HARARE – Douglas Mwonzora, the co-chairperson of the Parliamentary Select Committee (Copac), has taken brickbats from former comrades in their struggle for a “New Zimbabwe”.
It is not difficult to find why Mwonzora and Prime Minister Morgan Tsvangirai and the MDC family have been brandished a modern Judas Iscariot by agreeing to have a new constitution without involving once key allies such as the National Constitutional Assembly (NCA).
Zimbabwe holds a constitutional referendum on March 16 in a drive that could usher in a new charter largely expected to define the conduct of watershed elections expected later in the year.
Zanu PF and the two MDC formations are drumming up support for a Yes vote while distressed NCA wants a rejection because it maintains the process is not people-driven.
Mwonzora, while expressing optimism that the MDC’s aspirations for a new constitution were likely to sail through, warned it was not a guarantee that elections would be free and fair.
“We are likely to get a free and fair election if we follow the constitution but I must warn Zimbabweans that a good constitution does not necessarily guarantee a good constitutional order. Good constitutionalism is a matter of attitude.”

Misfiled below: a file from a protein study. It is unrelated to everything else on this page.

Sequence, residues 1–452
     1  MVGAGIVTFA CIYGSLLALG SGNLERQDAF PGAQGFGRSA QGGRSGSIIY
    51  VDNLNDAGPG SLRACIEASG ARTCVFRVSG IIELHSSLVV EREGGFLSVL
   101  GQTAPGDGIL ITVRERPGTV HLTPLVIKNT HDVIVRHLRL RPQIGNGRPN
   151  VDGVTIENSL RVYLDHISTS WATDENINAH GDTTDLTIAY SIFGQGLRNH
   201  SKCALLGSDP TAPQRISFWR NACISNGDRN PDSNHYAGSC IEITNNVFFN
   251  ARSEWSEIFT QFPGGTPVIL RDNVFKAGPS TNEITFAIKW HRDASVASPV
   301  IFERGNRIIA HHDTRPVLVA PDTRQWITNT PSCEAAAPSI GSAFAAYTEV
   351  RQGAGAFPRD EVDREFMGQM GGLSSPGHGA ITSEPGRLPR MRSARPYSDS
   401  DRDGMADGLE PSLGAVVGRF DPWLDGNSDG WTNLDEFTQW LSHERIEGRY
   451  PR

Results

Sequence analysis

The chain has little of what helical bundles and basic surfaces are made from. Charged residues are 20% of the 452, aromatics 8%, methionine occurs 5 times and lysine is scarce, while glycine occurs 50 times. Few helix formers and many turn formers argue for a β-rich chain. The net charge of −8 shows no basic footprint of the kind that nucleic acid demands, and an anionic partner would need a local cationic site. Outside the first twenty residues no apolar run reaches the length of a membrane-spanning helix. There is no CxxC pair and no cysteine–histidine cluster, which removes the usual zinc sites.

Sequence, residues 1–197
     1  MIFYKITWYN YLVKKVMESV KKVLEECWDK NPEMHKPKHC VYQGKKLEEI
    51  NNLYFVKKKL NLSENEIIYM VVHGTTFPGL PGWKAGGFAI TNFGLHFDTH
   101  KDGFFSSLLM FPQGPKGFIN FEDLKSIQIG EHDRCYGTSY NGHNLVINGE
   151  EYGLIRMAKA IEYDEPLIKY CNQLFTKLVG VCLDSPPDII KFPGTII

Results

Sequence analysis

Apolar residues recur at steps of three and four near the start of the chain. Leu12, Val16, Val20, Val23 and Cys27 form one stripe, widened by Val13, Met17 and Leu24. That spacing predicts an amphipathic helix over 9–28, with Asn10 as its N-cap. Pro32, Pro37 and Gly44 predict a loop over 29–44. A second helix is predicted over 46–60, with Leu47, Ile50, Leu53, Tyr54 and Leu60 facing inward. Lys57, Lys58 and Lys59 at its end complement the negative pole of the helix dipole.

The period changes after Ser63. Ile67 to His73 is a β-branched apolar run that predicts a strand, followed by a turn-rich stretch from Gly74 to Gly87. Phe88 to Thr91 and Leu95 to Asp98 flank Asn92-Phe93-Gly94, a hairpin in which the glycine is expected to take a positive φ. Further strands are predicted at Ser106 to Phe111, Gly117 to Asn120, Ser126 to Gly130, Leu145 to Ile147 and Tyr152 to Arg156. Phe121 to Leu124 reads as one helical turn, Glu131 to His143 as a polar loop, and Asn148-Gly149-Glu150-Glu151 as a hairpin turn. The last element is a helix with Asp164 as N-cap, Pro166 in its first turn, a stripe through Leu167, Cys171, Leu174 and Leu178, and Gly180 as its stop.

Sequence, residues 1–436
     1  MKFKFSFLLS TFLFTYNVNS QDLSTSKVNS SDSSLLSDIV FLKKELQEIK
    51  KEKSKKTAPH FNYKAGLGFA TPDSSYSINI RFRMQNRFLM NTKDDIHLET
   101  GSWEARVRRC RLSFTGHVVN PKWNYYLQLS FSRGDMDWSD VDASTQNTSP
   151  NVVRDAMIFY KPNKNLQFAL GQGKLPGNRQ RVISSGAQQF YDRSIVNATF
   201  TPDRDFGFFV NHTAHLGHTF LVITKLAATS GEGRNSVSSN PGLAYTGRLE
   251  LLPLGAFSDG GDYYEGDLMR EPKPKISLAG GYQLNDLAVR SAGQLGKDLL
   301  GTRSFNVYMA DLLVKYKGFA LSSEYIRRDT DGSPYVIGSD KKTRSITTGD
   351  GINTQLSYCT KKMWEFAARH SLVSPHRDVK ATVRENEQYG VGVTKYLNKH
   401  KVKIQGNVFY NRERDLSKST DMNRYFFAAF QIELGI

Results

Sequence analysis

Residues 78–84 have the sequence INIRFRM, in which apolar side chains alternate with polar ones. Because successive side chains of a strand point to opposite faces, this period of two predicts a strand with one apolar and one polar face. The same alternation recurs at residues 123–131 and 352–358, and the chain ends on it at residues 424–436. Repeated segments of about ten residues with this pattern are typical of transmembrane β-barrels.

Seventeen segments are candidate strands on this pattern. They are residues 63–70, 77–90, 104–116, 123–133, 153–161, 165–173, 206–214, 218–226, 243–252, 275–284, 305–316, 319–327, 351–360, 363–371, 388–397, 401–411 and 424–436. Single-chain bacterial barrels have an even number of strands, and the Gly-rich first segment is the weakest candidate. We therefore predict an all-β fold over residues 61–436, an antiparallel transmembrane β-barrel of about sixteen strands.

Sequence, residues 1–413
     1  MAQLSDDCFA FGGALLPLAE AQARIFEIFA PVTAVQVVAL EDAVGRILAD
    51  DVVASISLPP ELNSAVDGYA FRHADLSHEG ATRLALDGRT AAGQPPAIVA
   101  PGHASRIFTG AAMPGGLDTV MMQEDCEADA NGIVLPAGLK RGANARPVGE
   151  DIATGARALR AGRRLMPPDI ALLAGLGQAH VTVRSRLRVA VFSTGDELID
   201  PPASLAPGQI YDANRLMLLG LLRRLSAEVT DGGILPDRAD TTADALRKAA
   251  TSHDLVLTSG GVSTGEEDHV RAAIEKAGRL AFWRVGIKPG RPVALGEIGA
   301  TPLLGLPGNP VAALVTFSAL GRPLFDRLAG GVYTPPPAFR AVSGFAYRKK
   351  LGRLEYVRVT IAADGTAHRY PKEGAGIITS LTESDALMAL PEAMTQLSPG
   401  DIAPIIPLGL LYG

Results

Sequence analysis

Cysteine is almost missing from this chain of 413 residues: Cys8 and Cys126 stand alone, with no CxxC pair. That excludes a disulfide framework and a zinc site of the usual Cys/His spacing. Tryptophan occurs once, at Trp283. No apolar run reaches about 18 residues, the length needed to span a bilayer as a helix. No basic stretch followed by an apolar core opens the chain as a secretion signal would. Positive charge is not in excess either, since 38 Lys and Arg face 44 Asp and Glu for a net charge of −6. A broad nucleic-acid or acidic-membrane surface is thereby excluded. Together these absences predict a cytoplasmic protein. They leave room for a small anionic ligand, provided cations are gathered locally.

“We still have to rely on the law enforcement agents to enforce the law including the constitution. It is clear that Zanu PF will try everything in the book to cheat the constitution. They will try everything in the book to go against the reforms that are brought in this constitution because as a party they unfairly benefit from the unfairness that they have created.”
“But what they are trying to do now clearly is a sign that they are listening to the constitution. Instead of having these militia operate outside the conventional organisation, they are now recruiting these into the prison service, police force, army to serve as if they are regular members of those security apparatus, which security apparatus are in law allowed by the constitution.
“In a way, it’s a display of sensitivity to the provisions of the constitution that there shall be no militia. At the same time it is a manifestation of what we suspect they are going to try to do as much as they can to try to cheat the constitution,” Mwonzora told the Daily News.
The MDC spokesperson said a new constitution was the strongest indicator of how the country has travelled in its bid to end political haggling and economic slowdown.
The new constitution among other things has clauses which set conditions for peace and proscribes violence.
It also says that there shall be only second recognised military or semi military outfit; stipulating the Zimbabwe national army, the intelligence, the police and the prison service.
Any other military or semi military organisation, or security organisation has to be established in terms of law, outlawing militia.
“The moment we don’t have militia then electoral terrorism is ameliorated in a way. This constitution says there is behaviour expected of security apparatus, even the regular one.
No member of the security force shall de-campaign a political party nor shall campaign for a political party and that all soldiers, CIO operatives as well as police must observe fundamental human rights,” said Mwonzora.